Real-World Experiences of the Coaching Pathos: Orchestration of NCAA Division I Sport
Tucker Readdy, Rebecca Zakrajsek, and Johannes Raabe
Sport coaching is marked by a pathos created by limited control and limited awareness, contradictory beliefs, and novelty. Still, coaches can enhance the likelihood of optimal outcomes through orchestration, a process marked by unobtrusive, flexible actions that enhance athletes’ ability to work toward competitive goals (Jones & Wallace, 2005). This research sought to create a detailed understanding of pathos and orchestration in collegiate coaching. Participants were 10 head coaches from National Collegiate Athletic Association universities. Analysis of semistructured interviews produced four themes: (a) true control is limited but attempted control is extensive, (b) orchestration strategies are varied in context and method, (c) relationships enhance the effectiveness of the orchestration process, and (d) planning the next step allows for relative stability in the pathos. These results expand our understanding of pathos and orchestration, suggesting the concepts have promise in educating coaches about sources of adversity and the means to mitigate them.
“No Days Off”: Using Self-Determination Theory to Better Understand Workaholism in National Collegiate Athletic Association Division I Coaches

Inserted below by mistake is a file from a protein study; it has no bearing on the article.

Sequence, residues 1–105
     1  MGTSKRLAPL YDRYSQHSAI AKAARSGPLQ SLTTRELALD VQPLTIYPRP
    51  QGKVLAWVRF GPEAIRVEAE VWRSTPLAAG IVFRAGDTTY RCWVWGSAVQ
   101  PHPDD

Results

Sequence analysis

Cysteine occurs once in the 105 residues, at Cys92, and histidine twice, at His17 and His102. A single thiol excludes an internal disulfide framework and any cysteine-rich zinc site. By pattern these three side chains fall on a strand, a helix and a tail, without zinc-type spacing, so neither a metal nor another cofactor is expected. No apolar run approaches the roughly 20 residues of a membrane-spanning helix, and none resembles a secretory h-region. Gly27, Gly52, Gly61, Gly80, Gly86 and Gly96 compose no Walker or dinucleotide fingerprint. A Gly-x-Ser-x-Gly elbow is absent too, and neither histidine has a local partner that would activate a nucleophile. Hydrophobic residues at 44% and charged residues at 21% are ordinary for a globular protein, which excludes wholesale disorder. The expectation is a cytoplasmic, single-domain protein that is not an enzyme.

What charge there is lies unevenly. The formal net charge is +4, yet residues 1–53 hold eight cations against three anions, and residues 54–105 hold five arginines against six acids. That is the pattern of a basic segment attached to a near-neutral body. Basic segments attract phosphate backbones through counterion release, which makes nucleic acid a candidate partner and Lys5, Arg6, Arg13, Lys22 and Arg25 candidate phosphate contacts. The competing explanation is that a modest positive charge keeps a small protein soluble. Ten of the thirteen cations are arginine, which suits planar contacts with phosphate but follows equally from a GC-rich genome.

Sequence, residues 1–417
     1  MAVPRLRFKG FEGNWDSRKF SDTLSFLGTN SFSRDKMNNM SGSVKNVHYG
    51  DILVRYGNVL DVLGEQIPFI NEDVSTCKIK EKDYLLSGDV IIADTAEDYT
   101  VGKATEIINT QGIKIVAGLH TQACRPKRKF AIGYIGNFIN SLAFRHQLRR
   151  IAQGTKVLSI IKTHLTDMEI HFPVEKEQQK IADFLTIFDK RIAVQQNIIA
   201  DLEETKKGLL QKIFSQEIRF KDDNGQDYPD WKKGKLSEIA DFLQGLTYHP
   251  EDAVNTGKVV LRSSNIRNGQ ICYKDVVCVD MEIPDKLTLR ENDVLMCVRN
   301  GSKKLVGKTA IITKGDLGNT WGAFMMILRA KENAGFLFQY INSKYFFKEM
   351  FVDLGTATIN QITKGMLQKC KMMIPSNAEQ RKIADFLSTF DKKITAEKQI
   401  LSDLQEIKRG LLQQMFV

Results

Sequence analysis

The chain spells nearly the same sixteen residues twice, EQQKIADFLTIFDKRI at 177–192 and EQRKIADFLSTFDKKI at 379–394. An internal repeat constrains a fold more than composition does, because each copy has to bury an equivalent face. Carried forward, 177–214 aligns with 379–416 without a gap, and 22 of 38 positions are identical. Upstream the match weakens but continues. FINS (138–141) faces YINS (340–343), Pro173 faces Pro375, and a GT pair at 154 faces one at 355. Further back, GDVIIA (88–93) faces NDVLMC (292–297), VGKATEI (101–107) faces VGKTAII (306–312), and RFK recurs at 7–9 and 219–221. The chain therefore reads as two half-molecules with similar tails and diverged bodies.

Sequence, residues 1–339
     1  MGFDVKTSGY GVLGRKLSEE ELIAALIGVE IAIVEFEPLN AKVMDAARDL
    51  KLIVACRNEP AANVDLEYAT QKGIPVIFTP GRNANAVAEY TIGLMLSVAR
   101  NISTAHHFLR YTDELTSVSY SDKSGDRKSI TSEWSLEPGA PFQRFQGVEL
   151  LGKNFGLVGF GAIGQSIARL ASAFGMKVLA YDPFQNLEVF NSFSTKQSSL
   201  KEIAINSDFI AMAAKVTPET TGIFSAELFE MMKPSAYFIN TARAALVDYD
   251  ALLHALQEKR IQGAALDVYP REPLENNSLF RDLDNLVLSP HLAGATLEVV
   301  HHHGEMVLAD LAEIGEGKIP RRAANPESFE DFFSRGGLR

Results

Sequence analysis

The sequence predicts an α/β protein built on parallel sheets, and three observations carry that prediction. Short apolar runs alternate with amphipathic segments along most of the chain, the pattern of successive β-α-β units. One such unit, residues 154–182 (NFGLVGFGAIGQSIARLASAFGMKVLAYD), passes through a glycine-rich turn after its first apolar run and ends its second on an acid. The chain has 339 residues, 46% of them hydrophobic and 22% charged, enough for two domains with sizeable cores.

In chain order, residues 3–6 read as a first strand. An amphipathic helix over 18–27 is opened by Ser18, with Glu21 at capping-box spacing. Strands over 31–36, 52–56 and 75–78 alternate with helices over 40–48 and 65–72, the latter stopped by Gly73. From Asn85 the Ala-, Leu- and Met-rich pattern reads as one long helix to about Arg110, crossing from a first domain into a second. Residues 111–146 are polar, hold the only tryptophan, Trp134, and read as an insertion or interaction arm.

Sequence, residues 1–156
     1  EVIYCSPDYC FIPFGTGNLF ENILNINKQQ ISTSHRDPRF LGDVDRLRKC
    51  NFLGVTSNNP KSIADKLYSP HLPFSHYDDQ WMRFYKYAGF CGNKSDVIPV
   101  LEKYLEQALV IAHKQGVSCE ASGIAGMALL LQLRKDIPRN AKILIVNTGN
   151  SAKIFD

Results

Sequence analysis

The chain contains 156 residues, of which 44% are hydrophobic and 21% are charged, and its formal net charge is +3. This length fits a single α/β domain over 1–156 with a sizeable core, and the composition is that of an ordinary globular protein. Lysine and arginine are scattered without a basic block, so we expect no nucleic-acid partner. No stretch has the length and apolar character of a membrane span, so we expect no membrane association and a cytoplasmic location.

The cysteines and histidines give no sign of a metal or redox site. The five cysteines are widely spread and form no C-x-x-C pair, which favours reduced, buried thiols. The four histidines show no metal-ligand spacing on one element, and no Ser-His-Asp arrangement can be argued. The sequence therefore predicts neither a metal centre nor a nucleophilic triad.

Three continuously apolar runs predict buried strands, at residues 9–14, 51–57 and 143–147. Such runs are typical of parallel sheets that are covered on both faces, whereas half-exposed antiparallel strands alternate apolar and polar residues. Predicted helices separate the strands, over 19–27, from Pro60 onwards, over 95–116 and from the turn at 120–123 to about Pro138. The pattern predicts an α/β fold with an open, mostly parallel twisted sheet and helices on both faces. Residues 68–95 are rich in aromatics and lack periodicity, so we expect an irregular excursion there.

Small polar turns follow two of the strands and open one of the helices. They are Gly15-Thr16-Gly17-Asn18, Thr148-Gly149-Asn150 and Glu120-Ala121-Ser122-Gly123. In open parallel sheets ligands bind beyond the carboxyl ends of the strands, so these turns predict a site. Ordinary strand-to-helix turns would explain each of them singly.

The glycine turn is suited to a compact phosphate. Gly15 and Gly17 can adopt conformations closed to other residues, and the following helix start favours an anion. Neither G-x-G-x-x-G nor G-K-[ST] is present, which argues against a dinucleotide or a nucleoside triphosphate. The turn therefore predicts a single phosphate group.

Kim Tolentino, Tucker Readdy, and Johannes Raabe
Workaholism (i.e., working excessively and compulsively) is associated with negative physical, psychological, and social consequences. Researchers have previously examined antecedents of workaholism, but the experiences of sport coaches have not yet been investigated. This study explored (a) differences in National Collegiate Athletic Association Division I coaches’ workaholism, as well as need satisfaction and frustration based on gender, coaching role, gender of athletes coached, age, and years of coaching experience; and (b) how coaches’ perceptions of their three basic psychological needs are associated with tendencies to work excessively and compulsively. A total of 873 National Collegiate Athletic Association Division I coaches participated in the research. Data analyses revealed significant differences in participants’ workaholism as well as need satisfaction and frustration. Structural equation modeling indicated a significant relationship between reported levels of workaholism and perceptions of the three needs. Findings illustrate the importance of basic psychological needs in preventing coaches’ workaholism and maintain optimal functioning.
Exploring the Synergy Between Sport Education and In-School Sport Participation
Alex Knowles, Tristan L. Wallhead, and Tucker Readdy
One of the primary goals of physical education is for students to gain the motivation to continue to be physically active outside of curriculum time. The purpose of this study was to use a case study approach to examine elementary students’ responses to Sport Education and how it influenced their choice to participate in the same sports during lunch recess. The Trans-Contextual Model of motivation (TCM) was used as a deductive lens to qualitatively examine this synergy. Findings revealed that Sport Education was effective in satisfying the students’ basic psychological needs in physical education and specifically promoting male students’ participation in the lunch recess context. Sport Education has the potential to promote trans-contextual participation if students’ autonomy support is also facilitated within the extra-curricular sport context.